The Ministry of Culture and Sports announced the new finds from the archeological project known as “Bay of Κoilada”, at Lampayannas, in south Argolis. The “Bay of Κoilada” project is headed by the Ephorate of Underwater Antiquities in collaboration with the University of Geneva and under the auspices of the Swiss School of Archaeology in Greece. It aims to study sunken prehistoric sites in a small bay in south Argolis, near the well known archaeological site of the Frangthi cave.
In 2015, quite a large Early Bronze Age settlement (at least 1.2 hectares) was located off the beach of Lampayannas, north of the bay. Some architectural remains are visible on the sea bed, at a depth of 1-3 metres, while more could be buried under the marine sediments. Since 2016, the survey has focused on exploring the settlement’s area and its chronological dating.
The 2017 survey began with underwater topography and geophysical measurements. In continuation of the previous work on the Lampayannas beach, the architectural remains visible on the sea bed were mapped to a greater extent and the electrical resistivity tomography was continued north of the beach, in shallow waters. Preliminary results indicate the existence of more complex buildings as well as many buried architectural remains.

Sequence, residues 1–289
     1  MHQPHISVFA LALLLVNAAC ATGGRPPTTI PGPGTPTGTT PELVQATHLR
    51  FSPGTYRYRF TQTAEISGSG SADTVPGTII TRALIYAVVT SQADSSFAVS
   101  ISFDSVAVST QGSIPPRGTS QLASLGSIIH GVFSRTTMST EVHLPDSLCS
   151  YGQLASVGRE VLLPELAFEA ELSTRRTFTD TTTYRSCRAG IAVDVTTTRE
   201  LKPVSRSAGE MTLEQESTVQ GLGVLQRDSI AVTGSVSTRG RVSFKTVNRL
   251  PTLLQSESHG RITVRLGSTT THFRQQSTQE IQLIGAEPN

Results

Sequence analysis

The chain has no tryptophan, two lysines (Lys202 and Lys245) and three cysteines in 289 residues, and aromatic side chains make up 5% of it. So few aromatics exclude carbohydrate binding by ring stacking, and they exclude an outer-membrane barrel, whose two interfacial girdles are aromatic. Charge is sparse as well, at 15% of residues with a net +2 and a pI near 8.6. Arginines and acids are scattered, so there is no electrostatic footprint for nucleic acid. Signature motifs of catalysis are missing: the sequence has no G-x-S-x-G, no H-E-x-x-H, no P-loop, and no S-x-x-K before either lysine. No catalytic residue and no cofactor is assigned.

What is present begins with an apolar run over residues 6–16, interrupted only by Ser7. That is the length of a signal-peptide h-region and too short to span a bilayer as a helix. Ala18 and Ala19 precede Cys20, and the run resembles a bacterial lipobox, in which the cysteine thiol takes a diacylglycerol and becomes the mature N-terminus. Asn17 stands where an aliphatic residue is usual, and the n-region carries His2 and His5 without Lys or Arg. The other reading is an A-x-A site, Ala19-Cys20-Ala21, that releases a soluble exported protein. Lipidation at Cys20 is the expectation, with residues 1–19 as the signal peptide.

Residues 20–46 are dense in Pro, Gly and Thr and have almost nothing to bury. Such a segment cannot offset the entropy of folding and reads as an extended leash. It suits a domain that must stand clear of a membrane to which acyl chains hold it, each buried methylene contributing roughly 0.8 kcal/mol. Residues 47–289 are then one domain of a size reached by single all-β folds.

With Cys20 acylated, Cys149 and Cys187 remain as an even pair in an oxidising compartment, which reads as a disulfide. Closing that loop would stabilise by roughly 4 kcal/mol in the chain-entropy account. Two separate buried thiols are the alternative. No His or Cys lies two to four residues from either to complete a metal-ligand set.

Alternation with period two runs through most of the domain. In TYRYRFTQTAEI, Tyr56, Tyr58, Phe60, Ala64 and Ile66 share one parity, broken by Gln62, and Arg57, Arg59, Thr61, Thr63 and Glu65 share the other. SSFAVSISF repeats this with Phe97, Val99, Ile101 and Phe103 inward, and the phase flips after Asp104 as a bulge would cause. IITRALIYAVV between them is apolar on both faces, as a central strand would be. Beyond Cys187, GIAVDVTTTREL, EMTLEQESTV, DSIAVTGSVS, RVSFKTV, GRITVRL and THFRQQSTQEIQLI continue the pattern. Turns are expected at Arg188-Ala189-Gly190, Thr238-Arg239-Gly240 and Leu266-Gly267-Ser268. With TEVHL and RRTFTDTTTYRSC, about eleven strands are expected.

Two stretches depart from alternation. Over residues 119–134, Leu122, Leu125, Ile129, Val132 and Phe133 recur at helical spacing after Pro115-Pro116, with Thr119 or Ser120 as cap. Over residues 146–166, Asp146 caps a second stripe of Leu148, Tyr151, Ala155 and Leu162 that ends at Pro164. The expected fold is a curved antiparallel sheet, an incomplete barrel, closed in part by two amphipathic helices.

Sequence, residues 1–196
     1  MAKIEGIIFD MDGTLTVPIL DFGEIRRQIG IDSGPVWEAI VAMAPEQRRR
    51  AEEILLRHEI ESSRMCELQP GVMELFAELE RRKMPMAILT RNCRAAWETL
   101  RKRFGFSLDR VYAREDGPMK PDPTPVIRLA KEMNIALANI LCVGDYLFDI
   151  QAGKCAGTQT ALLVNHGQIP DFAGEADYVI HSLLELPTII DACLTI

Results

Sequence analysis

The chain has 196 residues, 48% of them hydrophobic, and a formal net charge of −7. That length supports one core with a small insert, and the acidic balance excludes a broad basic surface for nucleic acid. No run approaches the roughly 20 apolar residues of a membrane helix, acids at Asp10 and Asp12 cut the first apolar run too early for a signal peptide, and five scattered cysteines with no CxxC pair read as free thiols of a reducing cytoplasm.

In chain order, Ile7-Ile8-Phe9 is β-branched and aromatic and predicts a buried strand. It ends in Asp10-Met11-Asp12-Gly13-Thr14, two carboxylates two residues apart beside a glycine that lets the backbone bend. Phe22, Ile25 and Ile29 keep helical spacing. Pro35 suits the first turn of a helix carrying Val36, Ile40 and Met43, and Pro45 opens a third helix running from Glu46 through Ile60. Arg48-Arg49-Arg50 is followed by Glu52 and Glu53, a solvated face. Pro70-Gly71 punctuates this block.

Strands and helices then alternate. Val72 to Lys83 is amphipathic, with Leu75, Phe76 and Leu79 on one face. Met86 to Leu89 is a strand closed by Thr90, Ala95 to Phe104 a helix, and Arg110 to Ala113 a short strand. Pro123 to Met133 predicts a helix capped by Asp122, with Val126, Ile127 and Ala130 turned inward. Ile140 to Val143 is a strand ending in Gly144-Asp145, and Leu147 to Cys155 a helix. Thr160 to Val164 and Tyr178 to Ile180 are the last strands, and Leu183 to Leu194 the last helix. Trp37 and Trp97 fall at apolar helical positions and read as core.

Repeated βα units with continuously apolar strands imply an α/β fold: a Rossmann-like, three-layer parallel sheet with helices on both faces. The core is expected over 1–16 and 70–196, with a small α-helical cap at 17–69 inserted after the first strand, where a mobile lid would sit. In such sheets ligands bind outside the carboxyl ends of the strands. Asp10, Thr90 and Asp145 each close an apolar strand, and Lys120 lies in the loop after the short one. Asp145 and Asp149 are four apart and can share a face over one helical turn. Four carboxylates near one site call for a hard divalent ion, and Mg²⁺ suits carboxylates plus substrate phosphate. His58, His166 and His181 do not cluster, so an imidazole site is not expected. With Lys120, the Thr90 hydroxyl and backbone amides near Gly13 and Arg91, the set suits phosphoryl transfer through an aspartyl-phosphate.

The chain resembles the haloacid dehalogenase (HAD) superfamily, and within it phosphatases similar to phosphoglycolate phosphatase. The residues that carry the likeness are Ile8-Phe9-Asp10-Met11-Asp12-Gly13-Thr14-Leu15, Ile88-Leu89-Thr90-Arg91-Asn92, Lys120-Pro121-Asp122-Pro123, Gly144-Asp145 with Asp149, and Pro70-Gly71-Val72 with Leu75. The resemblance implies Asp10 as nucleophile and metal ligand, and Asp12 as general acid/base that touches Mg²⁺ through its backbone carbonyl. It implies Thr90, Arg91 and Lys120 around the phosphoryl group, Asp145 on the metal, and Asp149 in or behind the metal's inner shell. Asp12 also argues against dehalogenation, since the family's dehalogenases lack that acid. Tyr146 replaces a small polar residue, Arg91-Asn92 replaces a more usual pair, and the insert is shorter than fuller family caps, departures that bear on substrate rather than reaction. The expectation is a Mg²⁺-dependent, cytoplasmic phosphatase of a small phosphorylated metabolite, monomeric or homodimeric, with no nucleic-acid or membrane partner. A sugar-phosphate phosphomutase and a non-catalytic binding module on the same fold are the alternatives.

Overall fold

Underwater excavations followed over a larger area than in 2016 and with improved methods. Beneath the layer of the Early Helladic II era (mid-3rd millennium BC, to which correspond the visible architectural remains on the sea bed), a wall was discovered of the Proto Helladic I era (early 3rd millennium). Another earlier layer was also investigated that could be dated to the transitional period between the Neolithic and the Early Bronze Age. The finds include large quantities of shells of the murex purpurea (purple fish). It is however still impossible to determine their use.
The 2017 survey, lasting from July 3 to August 11, was conducted by Dr Angeliki Simosi, Head of the Ephorate of Underwater Antiquities, and Professor Karl Reber, Head of the Swiss Archaeological School in Greece.